Buying natural wine can be daunting. So here are a couple of tips for being a savvy shopper:

  • Find a good wine shop and ask the staff for their recommendations—they’ll love talking about their favorites and can point you to the organic, biodynamic, and natural wine options.

  • If you’re flying solo, the best tip (and one that I often use) is to shop by the importer. A wine importer will carry wines that meet their quality standard, style, and point of view. If you like one or two wines from a specific importer, you’re likely to enjoy others from their portfolio.

  • Look for “Imported By” on the back label and start taking note of who is importing your favorite bottles. Here are a few wine importers and distributors that I trust:

Orange Wines to Get You Started

Ready to try orange wine? Next time you’re at your local wine shop, look for bottles with the following terms: skin-contact, amber wine, or ramato. Or, try these orange wines from Mysa, a small natural wine store with delivery options:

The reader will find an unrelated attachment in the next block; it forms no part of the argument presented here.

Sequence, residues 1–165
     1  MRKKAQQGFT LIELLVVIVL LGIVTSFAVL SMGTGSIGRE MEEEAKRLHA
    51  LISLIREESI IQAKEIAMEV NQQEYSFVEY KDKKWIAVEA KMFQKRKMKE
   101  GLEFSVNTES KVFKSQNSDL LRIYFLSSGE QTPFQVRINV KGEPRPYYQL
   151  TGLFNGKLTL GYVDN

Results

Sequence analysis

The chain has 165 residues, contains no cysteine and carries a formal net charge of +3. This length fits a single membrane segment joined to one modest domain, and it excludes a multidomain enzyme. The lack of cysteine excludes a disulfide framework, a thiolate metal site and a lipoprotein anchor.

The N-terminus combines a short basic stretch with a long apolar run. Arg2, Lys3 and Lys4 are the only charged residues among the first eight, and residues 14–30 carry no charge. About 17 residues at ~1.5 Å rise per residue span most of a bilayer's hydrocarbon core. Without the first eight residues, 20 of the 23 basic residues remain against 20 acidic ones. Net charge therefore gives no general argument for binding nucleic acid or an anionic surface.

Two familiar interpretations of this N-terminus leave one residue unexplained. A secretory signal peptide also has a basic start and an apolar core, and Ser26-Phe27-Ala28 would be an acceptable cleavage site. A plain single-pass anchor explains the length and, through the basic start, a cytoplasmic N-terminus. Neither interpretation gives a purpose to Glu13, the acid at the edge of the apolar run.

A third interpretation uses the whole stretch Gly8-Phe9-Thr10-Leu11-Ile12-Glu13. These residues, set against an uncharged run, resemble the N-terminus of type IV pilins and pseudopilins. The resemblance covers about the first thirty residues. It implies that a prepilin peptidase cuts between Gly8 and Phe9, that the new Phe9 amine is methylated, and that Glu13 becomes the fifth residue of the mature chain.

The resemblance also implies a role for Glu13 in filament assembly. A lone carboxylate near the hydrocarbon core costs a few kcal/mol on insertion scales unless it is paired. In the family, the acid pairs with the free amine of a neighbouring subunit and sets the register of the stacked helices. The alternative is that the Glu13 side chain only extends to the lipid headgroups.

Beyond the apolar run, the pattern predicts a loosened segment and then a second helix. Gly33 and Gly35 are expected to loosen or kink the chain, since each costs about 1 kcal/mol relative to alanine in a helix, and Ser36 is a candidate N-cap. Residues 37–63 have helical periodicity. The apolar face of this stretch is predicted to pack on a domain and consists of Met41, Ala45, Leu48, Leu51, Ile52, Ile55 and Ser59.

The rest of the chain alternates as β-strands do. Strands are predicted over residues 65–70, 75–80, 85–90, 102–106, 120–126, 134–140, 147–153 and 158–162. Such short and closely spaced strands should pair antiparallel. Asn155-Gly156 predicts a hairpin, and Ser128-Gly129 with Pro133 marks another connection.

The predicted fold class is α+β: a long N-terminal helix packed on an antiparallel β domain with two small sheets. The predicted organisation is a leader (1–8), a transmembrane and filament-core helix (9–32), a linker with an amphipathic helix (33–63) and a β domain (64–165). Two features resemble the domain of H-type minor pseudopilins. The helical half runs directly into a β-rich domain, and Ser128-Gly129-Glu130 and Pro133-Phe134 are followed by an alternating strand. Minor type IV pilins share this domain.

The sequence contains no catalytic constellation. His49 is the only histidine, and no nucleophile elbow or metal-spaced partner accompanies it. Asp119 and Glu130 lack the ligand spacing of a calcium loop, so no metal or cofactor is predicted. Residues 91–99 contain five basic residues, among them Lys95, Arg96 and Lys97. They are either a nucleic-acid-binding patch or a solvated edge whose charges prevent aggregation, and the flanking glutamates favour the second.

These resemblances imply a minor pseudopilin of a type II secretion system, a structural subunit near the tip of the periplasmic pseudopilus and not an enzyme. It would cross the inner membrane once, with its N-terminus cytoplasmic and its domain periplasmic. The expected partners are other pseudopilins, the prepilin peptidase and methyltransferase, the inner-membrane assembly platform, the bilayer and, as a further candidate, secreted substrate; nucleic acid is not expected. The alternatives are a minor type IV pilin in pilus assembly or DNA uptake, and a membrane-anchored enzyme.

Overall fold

Alternatively, if you like to be surprised by your wine, consider joining the Orange Glou Wine Club. Each month, you’ll receive natural orange wine with descriptions, tasting notes, vinification information and food pairings.

Remember, there is a style of skin-contact white wine for everyone—including orange wine! Sometimes it takes a bit of trial and error to find a bottle that’s up your alley. Hopefully, this quick primer helped you better understand this unique wine-making process. Cheers!


Whitney Pope is a natural wine sommelier based in Washington, DC. Through WHIT + WINE, Whitney educates consumers on the complicated topic of natural wine. Whitney has been featured in Glamour, SevenFifty Daily, Pix, and The Italian Wine Podcast. She recently moderated the Wines of Germany x VinExpo America panel “Germany Goes Green: Sustainability in the German Wine Industry.”